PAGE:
When you have WordPress installed on your server already, and a new version comes out, there are pretty easy, intuitive instructions for implementing the upgrade. The instructions basically consist of deleting the old WordPress application off the server and uploading the new one and going through the extremely short, easy “install” process afterward.
They also give you the nice tip, “If you’ve tweaked any of your themes, be sure to back them up before deleting them off your server, so you can put them back up after the upgrade.” Sure! No problem! Thanks for the tip; I’ll do that!
And I did do that (last night). But there are a couple of tips they didn’t offer that I really could have used. Mainly because I trusted the process a bit too much and didn’t’ think it through. But still, it would have been nice to have done a few certain things to make my evening a lot less frustrating.
Here are some important and useful things that you should keep in mind throughout this whole process according to this Dallas web developer. First, don’t just back up the changes you made to your themes. Back up your wp-config file with your server information on it. Otherwise, you have to log into your server account and track down the database name and the username and password you set up for that DB.
Next, if you usually tell your admin log-in for WordPress to “remember me,” and thus might have forgotten your password because you haven’t been using it regularly, take care of that while you still have admin access before the upgrade.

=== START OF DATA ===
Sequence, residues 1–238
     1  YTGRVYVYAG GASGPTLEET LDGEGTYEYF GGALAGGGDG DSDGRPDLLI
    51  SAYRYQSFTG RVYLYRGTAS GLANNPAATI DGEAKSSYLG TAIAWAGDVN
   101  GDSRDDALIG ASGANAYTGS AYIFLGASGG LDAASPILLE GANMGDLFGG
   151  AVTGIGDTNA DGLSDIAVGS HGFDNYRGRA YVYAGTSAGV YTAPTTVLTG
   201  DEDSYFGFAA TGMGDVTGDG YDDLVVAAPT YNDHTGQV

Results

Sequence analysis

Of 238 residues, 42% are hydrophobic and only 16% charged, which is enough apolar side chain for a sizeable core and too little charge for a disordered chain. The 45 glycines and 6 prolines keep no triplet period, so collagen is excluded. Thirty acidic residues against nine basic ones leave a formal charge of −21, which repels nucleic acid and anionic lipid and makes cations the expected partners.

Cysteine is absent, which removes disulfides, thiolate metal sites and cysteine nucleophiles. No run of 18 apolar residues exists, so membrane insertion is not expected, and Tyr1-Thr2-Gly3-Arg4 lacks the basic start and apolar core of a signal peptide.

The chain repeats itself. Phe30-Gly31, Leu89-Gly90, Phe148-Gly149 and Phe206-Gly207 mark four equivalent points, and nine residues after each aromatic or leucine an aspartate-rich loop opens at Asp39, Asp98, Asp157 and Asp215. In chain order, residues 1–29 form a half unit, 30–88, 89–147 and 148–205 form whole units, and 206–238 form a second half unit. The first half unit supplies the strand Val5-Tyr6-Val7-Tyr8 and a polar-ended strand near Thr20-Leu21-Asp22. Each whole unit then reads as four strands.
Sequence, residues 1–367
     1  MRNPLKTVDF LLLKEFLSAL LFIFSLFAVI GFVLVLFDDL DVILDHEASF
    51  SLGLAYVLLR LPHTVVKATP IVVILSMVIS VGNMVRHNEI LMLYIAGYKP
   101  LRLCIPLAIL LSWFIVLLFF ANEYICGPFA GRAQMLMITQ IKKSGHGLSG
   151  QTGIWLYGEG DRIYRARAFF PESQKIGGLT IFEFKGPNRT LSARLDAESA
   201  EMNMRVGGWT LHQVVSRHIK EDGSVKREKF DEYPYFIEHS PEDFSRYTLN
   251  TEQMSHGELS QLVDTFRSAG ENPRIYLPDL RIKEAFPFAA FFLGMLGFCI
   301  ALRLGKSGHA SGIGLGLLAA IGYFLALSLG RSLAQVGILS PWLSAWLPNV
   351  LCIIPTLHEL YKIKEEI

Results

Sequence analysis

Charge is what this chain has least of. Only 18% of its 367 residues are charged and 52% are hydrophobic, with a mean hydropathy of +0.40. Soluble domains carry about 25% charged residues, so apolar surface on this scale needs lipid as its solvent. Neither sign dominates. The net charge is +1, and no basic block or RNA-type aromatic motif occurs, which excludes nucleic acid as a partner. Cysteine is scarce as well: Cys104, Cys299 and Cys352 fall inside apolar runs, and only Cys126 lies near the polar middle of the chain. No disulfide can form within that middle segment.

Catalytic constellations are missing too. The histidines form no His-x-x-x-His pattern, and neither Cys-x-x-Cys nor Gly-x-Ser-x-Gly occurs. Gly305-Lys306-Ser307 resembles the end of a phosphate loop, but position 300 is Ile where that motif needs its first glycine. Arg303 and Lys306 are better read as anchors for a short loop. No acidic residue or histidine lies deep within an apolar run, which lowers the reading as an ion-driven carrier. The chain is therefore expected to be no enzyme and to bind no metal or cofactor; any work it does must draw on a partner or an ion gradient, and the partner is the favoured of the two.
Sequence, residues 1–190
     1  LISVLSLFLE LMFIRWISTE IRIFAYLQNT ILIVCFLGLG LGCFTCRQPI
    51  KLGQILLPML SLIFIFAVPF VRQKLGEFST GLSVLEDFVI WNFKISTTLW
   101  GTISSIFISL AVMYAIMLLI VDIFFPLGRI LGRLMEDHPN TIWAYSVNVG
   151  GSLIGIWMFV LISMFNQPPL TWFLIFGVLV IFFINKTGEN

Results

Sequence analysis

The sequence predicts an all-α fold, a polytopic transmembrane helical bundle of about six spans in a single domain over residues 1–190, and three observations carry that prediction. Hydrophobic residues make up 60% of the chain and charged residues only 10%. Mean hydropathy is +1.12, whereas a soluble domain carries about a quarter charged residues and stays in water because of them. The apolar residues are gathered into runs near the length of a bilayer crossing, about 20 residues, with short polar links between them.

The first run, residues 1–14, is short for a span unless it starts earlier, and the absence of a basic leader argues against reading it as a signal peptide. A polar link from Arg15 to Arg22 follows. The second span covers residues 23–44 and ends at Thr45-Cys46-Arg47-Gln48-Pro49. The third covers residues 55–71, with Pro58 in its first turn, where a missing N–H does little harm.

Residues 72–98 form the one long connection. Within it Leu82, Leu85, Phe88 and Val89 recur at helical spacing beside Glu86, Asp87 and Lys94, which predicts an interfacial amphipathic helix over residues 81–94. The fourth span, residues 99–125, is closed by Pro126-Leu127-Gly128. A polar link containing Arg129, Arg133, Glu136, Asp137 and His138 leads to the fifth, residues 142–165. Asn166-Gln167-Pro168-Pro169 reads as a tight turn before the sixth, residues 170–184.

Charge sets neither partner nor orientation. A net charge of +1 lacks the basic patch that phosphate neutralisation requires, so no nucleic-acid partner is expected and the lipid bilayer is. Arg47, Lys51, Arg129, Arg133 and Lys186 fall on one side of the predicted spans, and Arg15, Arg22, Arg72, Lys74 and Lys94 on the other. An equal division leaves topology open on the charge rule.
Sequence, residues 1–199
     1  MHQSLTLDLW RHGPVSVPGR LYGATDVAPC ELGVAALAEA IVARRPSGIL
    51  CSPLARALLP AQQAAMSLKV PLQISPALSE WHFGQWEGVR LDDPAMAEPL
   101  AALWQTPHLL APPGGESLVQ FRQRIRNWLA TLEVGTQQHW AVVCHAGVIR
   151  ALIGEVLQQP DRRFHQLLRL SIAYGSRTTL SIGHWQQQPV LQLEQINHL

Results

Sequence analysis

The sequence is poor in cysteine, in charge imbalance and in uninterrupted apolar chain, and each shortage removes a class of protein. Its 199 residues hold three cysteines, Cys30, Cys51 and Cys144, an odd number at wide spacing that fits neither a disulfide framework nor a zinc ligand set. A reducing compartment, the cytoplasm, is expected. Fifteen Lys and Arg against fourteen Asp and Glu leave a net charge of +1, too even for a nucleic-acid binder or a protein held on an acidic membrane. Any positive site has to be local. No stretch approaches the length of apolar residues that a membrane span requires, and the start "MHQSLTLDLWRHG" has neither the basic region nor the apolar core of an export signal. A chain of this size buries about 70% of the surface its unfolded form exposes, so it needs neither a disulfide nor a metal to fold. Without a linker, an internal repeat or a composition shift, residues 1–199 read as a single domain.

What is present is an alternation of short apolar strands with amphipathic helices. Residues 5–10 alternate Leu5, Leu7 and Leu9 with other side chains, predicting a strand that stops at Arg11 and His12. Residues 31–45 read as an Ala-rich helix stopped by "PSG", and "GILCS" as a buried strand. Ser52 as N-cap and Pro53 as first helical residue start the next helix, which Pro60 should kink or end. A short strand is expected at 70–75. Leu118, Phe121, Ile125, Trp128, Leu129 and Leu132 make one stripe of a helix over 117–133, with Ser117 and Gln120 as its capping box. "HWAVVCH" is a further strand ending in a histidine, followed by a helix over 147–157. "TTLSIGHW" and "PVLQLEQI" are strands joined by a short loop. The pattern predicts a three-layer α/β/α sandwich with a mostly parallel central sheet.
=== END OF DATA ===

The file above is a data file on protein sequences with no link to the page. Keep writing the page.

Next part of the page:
Go in and change your password to something new and write it down. Because once you delete the old application and install the new one, you’re going to need to sign in. It won’t “remember” you after an upgrade. And that blank username and password field can look very daunting. Especially if you used a now-defunct e-mail address when you originally signed up as I did. And thus could not get your password reset emailed to you right away! In fact, you might go in and make sure your e-mail address is up to date as well, while you are at it!
And last but not least, make a note of what theme you were using, the location on the server where you had everything installed originally, and the hierarchy of those folders as to how they pertain to your backed up themes and images.
These are all things that would have made my life so much easier, especially because in the middle of all of this I wound up to have some technical difficulties as well with my computer. So these preventable problems just made it even worse when the unpreventable problems cropped up.
So, lesson learned. I thought would pass on these tips to spare others the crying and heartbreak I experienced last night as I went in circles for hours on end to do an upgrade that should have taken 45 minutes at the most!